2020 Reflections – The Truth and Reconciliation Commission Report

The Truth and Reconciliation Commission (TRC) Report was released in the week just before the start of the Indigenous focus cohort 3 in June and I was both profoundly moved and disturbed by the findings. I was also anxious. The TRC report was a call to action, but how could we respond, and what did we need to be mindful of and do within Leadership 2020 – and with the upcoming Indigenous focus cohort – to honour the TRC’s work and most importantly, the testimony of the thousands of survivors who told their stories? What does reconciliation look like and what could I/we do to live into this spirit? These are questions I invite our Leadership 2020 community to explore and discuss.
The opening paragraphs of the report reflected my anxiety and questions: “Now that we know about residential schools and their legacy, what do we do about it?

“Getting to the truth was hard, but getting to reconciliation will be harder. It requires that the paternalistic and racist foundations of the residential school system be rejected as the basis for an ongoing relationship. Reconciliation requires that a new vision, based on a commitment to mutual respect, be developed. It also requires an understanding that the most harmful impacts of residential schools have been the loss of pride and self-respect of Aboriginal people, and the lack of respect that non-Aboriginal people have been raised to have for their Aboriginal neighbours.Reconciliation is not an Aboriginal problem; it is a Canadian one. Virtually all aspects of Canadian society may need to be reconsidered” (italics added, p. vi).

The TRC calls for us to become more aware, as a start, “Too many Canadians know little or nothing about the deep historical roots of these conflicts. This lack of historical knowledge has serious consequences for First Nations, Inuit, and Métis peoples, and for Canada as a whole. In government circles, it makes for poor public policy decisions. In the public realm, it reinforces racist attitudes and fuels civic distrust between Aboriginal peoples and other Canadians. Too many Canadians do not know the history of Aboriginal peoples’ contributions to Canada, or understand that by virtue of the historical and modern Treaties negotiated by our government, we are all Treaty people. History plays an important role in reconciliation; to build for the future, Canadians must look to, and learn from, the past” (Italics added, p. 8).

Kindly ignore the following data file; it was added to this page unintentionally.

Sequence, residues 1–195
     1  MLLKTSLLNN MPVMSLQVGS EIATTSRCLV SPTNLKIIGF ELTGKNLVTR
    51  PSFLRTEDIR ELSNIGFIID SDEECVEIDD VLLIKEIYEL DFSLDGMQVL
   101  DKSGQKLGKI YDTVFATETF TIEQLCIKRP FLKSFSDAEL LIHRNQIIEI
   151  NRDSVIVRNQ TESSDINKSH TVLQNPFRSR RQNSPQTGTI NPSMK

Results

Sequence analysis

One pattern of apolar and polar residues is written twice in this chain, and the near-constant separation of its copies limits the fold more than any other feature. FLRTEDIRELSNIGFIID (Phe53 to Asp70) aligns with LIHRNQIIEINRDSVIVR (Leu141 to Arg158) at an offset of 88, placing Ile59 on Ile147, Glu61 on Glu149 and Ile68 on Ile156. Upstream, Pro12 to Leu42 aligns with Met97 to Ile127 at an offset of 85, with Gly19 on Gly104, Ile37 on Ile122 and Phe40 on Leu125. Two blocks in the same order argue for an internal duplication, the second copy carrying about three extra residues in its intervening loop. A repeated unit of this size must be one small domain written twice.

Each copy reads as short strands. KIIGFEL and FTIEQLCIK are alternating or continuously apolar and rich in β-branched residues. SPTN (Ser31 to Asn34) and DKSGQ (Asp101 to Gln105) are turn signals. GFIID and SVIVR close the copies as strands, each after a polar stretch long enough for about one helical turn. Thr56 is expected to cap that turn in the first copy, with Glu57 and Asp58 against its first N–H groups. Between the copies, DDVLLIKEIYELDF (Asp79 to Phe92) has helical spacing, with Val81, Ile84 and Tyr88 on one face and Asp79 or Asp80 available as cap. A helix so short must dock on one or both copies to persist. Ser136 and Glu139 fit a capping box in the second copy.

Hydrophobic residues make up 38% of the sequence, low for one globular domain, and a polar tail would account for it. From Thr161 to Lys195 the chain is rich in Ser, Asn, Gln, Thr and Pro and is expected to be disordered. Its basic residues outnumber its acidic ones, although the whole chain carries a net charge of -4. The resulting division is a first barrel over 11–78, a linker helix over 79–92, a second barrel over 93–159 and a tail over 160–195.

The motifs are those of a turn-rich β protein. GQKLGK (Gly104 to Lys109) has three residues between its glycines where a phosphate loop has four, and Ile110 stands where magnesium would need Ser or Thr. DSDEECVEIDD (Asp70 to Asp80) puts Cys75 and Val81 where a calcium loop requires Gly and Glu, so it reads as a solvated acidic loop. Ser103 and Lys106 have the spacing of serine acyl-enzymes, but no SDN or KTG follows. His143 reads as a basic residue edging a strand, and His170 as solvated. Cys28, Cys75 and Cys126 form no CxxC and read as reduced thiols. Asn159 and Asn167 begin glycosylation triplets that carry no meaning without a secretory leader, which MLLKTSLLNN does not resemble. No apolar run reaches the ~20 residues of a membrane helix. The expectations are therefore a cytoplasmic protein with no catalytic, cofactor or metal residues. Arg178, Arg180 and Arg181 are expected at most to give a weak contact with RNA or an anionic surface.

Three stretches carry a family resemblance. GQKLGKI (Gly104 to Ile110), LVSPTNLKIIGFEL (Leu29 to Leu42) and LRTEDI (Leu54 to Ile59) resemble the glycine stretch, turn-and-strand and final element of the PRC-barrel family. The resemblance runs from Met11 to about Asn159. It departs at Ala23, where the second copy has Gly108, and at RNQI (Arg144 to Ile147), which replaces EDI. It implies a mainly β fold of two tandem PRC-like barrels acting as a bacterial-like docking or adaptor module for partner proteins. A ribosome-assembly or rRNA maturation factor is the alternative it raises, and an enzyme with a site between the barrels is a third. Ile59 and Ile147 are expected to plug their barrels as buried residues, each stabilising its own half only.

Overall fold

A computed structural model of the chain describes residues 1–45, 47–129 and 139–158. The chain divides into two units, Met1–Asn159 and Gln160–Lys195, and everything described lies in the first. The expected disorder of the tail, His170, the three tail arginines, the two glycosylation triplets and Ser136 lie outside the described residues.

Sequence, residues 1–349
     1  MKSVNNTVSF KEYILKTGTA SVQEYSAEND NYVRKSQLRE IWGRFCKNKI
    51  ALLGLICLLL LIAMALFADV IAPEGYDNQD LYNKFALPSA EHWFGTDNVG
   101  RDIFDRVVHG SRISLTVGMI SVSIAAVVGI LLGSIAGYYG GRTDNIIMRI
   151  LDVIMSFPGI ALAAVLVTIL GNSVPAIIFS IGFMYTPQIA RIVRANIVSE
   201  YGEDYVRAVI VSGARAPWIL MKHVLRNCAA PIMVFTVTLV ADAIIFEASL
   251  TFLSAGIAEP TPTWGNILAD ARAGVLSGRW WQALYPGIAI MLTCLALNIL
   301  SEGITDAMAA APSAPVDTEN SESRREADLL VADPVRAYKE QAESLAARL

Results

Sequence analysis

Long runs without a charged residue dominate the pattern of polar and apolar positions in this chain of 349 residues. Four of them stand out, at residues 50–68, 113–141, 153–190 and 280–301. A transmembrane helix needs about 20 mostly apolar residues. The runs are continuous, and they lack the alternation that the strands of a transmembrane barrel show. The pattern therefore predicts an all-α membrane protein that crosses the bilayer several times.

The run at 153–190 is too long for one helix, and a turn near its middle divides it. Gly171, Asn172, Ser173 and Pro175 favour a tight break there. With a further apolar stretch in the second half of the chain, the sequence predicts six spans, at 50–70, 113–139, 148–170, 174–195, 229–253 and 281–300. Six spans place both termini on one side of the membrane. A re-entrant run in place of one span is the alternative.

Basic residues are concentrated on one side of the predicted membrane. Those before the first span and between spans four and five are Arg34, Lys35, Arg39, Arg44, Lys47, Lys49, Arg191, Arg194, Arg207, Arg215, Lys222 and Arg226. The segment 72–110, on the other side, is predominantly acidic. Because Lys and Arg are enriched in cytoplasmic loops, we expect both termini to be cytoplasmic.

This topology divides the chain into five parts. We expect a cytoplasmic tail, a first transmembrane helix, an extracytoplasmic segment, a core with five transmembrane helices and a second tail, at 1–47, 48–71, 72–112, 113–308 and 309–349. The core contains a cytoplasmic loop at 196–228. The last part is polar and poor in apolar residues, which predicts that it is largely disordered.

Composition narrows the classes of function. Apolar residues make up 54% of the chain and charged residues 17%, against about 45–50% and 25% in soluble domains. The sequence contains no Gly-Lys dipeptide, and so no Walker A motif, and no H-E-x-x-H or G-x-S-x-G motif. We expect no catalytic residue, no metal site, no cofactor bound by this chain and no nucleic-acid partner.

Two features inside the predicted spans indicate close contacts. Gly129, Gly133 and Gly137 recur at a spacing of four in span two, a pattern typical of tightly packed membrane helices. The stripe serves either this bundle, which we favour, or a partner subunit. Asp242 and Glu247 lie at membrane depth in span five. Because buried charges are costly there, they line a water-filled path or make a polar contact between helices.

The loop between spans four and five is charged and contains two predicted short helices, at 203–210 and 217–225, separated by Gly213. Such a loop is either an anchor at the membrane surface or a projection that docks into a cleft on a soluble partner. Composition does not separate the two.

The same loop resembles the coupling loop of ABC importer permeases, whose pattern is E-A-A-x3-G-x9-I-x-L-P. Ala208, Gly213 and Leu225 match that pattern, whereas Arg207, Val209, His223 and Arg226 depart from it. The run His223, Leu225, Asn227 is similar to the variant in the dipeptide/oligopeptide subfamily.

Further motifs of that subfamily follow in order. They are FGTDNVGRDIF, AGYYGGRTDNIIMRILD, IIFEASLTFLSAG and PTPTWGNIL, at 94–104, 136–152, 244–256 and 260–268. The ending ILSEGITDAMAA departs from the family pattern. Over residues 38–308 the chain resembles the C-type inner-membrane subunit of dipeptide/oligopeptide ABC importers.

The TRC report is a heart- and gut-wrenching read – but I believe that it should be required reading for any of us working in this sector. The truth-telling of the 100-year story of the IRS and the resulting cultural genocide, as well as the ‘sixties scoop’, helps us become more historically and culturally aware. It positions us to better understand the diverse contemporary experiences of Indigenous people and communities. It is also a humbling and significant call to action. The recommended actions in the section on Child Welfare (pp. 137-144) are of particular importance, although the child welfare interests cannot be separated from health, education, justice, and culture.

The TRC also suggests that “reconciliation as an ongoing process of establishing and maintaining respectful relationships. A critical part of this process involves repairing damaged trust by making apologies, providing individual and collective reparations, and following through with concrete actions that demonstrate real societal change” (p. 16).

So now what? Certainly the different levels of government have work to do, but so do we as individuals and as leaders in this field. As we prepared to welcome the Indigenous focus cohort to Bowen Island in June, the hosting team spent a number of hours talking about the TRC report, what it meant to us, what was being called for now and how we would ‘show up’ for the participants and for each other. Through this dialogue and intention, I gained a different level of presence and mindfulness and am grateful to Wedlidi, Caitlin, Chris and Annemarie for the dialogue. I have a long way to go on my journey from cultural awareness, to understanding, to competency, to humility, and to cultural agility and wise action, but it is clear that it cannot be a solitary journey.

In the Fall we would like to host some online dialogue circles on reconciliation and invite your ideas. What questions are you carrying? What do you need to learn, discuss, or practice in order to live into the spirit of reconciliation?